Employers also have an incentive to help their employees pay off loans. Besides medical benefits and vacation, people cite student loan repayment help as a top benefit, Naveed says. When companies have a benefit like this for their employees, it can take a huge burden off, and they can spend time thinking about work and using their paychecks to save up for what matters to them.
“Our entire society benefits when we all contribute to solving this problem,” Eryck says.
The “GoFundMe” Mentality
Despite our culture of “American Individualism,” the Dolr founders have discovered a generous spirit in Americans.
“The American people already have that notion of helping the least in society when the problem is expressed,” Eryck says. “Think of GoFundMe. Anytime anyone has a tragedy and asks for help, people are ready to step in. Unfortunately, there’s still a real sense of shame around asking for help.”
That’s exactly why Naveed, Eryck and Ashwin say that the student debt crisis isn’t just a financial one, but it’s also a mental health crisis.
“It’s a really self-limiting belief that you have to pay this off all on your own. There’s no shame in asking for help,” Naveed says.
Coming from different African countries (Zambia, Togo and Tanzania), the founders see some similarities with their own cultures, where there is communal care but still individual responsibility.
“Individual responsibility can’t get lost in this,” Eryck says. “You should be individually responsible, because when everyone is individually responsible the whole community prospers. That aspect can get lost in America.”
Pull yourself up by the bootstraps is a common expression — and value — in America.
“Yes, you can pull yourself up by the bootstraps, but boots wear off. Sometimes, someone has to help you get new boots. And just because you didn’t get your own boots doesn’t mean you won’t be walking afterward,” Eryck says.
In other words, when things get hard, there’s no shame in asking for help.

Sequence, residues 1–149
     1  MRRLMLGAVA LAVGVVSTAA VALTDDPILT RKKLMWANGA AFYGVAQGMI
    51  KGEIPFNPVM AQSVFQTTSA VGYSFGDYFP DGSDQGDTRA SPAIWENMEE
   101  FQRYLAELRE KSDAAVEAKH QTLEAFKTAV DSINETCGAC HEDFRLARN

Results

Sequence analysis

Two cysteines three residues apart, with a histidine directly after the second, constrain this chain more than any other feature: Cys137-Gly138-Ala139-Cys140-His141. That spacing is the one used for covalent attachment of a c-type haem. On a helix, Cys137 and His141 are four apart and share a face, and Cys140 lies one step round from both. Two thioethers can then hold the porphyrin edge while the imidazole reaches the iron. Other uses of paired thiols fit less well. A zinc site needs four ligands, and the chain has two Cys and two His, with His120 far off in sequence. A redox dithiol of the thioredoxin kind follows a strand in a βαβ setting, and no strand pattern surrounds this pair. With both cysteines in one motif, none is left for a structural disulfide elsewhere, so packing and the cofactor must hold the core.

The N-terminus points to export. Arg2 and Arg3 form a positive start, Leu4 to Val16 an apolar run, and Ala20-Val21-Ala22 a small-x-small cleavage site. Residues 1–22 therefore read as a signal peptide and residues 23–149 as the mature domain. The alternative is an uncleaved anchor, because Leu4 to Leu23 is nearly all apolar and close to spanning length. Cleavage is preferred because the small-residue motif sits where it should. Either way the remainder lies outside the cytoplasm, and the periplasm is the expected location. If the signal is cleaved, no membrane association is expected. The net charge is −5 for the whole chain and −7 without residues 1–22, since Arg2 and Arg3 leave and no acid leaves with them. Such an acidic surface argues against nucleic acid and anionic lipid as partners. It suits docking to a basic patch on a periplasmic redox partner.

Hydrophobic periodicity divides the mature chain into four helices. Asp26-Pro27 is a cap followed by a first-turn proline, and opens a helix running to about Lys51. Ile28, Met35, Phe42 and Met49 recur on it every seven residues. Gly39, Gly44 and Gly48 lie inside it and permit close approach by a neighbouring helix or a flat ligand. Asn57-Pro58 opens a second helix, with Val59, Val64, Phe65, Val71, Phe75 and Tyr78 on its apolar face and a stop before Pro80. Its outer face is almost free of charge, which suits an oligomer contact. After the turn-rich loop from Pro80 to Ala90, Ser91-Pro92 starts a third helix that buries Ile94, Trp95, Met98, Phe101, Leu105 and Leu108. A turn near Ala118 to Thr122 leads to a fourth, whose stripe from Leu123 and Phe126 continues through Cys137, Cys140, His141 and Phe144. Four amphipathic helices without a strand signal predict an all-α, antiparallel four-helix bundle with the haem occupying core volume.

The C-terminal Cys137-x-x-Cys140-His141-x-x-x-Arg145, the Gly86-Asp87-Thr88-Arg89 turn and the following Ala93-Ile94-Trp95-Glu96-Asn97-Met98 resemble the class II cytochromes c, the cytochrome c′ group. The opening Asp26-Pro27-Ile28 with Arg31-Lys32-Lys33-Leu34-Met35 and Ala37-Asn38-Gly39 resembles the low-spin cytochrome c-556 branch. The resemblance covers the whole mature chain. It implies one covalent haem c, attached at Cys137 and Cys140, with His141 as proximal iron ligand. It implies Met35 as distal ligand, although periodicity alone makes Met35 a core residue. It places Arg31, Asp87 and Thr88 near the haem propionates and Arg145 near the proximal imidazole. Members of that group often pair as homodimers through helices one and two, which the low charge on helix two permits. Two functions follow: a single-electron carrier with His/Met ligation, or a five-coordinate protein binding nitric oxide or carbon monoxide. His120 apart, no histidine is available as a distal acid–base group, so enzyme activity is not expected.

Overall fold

Because unfortunately, the problem isn’t going away.
Higher education costs continue to rise every year, and so do the number of people graduating with major student loan debt. And the amount of private loans being taken is only increasing, too. It takes people 25 to 30 years to pay it off, which are similar terms to getting a mortgage. Only, you don’t have a house.
“Student loan debt is a long-term problem,” Naveed says. “That’s why we’re building a long term solution. We never give advice that’s not in people’s best interest. If you have debt, we’ll provide you with tools to get rid of it.”
From Apathy to Dignity
Taking a different approach than government relief or non-profit support, Dolr is creating a commercial solution to this massive problem — they’re also creating an emotional one.
“When people are buried in debt, the primary emotion is apathy,” Naveed says. “You’ve tried everything but still don’t see the light at the end of the tunnel. When you sign up for Dolr and start chipping away at your debt and you start to see the end in sight, your mental wellbeing drastically improves.”
It goes beyond improving your mood, though. Eryck, Naveed, and Ashwin say that it’s really about restoring dignity to people.
“Being a first-generation African immigrant, I understand what it’s like to have this real village investing in you, supporting you. When you can’t return that investment to your community, you feel as if you’re not living up to their expectations as well as your own,” Eryck says.
Furthermore, if you’re in debt so badly that you can’t afford to do the kind of career you set out to do, you’re not living out your purpose or delivering that promise to yourself. That’s why Dolr is on a mission to help people pay off their debt so that they can live out their purpose and be able to decide what they want to do with their lives.
“Yes, we’re restoring financial freedom,” says Eryck, “but we’re also restoring dignity to people.”
As Dolr continues to grow, Naveed, Eryck and Ashwin are always excited to meet curious and mission-driven people who want to work on something meaningful. Sound like you? Drop the founders a line.